I buy small gifts for the holidays at a handful of stores with inexpensive products and cluttered aisles. I’ve even been told by clients that clutter can be a marketing strategy because it coveys the idea of bargain prices. Unfortunately, it may also violate the ADA by making otherwise accessible aisles too narrow and otherwise accessible counters too crowded. That, at least, was the finding in the most recent chapter of the long running lawsuit between Byron Chapman and Pier 1 Imports. The case has been pending for more than eight years, and has already generated two opinions from the Ninth Circuit. The last of these seemed to be a complete victory for Pier 1, but on remand and with an amended complaint Chapman obtained a summary judgment and permanent injunction. The case is headed once again for the Ninth Circuit, but the facts and holding should be of interest to any retailer.
Mr. Chapman, who requires a wheelchair for mobility, had two complaints about Pier 1. The first was that the aisles were frequently cluttered with merchandise and could not be navigated. The second was that the accessible counter for making purchases was frequently cluttered and therefore unusable. Although Pier 1 cleaned the store, at least while its experts were visiting, the District Court was not persuaded that the cleanup was permanent given the number of visits during which Mr. Chapman encountered cluttered aisles. The Court entered a permanent injunction that requires Pier 1 to keep the aisles and counters clear except for what the Court called “transitory” obstructions.
The distinction between what the Court called “transitory” obstructions and the goods found in the aisles by Mr. Chapman is an important one for retailers. The Court recognized that a store inevitably has goods in the aisles when it is restocking, and that a customer who is buying something will put the goods on the counter. This did not violate the ADA because the intention was that they would be present only a short time and removed as soon as they were no longer in use. On the other hand, a “temporary” display of merchandise or the temporary use of aisle space for overflow inventory was not acceptable because there was no intent to immediately remove the merchandise even though it could be removed at any time. It was also of no help that the obstructions could be moved upon request because, as the Court found, the purpose of the ADA was to permit those with disabilities the same kind of access as others, and others would not need to find a clerk and ask for help. Retailers in hurley burley of holiday shopping, and perhaps even more in the chaos of the post-holiday sale season, need to be aware that “temporary” obstructions may constitute ADA violations.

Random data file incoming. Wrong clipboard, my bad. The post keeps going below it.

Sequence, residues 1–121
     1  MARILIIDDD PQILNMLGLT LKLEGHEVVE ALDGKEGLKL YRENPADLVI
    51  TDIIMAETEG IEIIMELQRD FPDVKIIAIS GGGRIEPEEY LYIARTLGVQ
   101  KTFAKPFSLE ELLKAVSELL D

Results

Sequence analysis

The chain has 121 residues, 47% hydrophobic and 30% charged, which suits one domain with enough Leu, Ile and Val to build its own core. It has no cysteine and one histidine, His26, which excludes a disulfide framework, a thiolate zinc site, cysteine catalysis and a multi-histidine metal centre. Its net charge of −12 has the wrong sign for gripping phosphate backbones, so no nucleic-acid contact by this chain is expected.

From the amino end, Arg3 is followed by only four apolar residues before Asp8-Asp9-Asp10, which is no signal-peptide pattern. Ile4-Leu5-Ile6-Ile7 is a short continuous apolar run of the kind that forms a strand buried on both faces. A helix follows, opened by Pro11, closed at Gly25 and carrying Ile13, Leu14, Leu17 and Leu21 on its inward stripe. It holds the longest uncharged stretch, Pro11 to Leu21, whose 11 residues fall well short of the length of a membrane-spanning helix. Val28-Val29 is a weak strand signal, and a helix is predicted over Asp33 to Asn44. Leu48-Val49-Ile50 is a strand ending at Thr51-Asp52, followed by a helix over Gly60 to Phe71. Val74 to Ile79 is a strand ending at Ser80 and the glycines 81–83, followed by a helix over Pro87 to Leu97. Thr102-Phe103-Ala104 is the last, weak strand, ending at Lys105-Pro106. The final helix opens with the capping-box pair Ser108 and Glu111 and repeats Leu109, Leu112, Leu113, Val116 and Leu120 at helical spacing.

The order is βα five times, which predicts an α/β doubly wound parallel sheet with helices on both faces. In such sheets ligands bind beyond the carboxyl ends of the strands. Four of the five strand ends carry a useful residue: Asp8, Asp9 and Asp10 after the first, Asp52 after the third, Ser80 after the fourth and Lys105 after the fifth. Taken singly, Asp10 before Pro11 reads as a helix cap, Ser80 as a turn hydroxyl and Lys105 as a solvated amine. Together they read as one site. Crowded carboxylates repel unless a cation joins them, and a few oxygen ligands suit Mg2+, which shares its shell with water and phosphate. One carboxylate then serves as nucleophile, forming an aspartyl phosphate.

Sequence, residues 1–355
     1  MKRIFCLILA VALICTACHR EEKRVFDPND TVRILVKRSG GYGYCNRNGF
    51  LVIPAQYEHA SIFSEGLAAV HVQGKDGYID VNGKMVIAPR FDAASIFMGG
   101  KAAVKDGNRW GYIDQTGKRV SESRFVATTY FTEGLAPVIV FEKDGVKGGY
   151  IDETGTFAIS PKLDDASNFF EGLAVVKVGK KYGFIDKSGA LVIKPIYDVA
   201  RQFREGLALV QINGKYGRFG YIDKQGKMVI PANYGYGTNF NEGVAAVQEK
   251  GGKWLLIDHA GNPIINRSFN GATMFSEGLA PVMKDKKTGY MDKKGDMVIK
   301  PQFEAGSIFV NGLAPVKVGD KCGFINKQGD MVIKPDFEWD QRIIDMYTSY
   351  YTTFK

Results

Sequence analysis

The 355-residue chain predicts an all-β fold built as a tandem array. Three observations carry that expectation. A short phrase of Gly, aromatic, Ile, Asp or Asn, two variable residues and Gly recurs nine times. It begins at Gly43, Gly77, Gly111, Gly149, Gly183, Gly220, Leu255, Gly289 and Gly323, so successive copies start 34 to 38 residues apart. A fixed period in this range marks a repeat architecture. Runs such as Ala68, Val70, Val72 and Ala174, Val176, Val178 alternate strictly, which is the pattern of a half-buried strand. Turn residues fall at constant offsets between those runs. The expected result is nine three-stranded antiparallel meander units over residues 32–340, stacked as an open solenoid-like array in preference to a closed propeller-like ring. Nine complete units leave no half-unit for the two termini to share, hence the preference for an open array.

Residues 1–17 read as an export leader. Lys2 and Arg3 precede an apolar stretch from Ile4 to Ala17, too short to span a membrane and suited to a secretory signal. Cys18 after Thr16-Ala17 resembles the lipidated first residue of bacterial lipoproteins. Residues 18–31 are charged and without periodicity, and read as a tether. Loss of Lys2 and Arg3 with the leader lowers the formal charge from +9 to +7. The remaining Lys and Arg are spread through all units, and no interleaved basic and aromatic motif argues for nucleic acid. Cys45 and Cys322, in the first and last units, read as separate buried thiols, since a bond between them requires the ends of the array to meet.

There is also an interesting lesson concernin mootness in Chapman v. Pier 1. Pier 1 argued that the claims were moot because on a few specific days the aisles and counters were clear of obstructions. The Court was not persuaded that the problem had been permanently fixed, and so found that the claims were not moot. This and other cases make it clear that in situations where employees create temporary barriers to access the defendant needs a written policy that forbids the conduct creating an ADA violation in order to demonstrate that the removal is permanent. That kind of policy can lead to a finding that the complaint is moot.
Cluttering up store aisles may or may not be a good marketing strategy, but it certainly appears to be a risky strategy vis a vis the requirements of the ADA, a risk that retailers, restauranteurs and shopping center owners need to be aware of.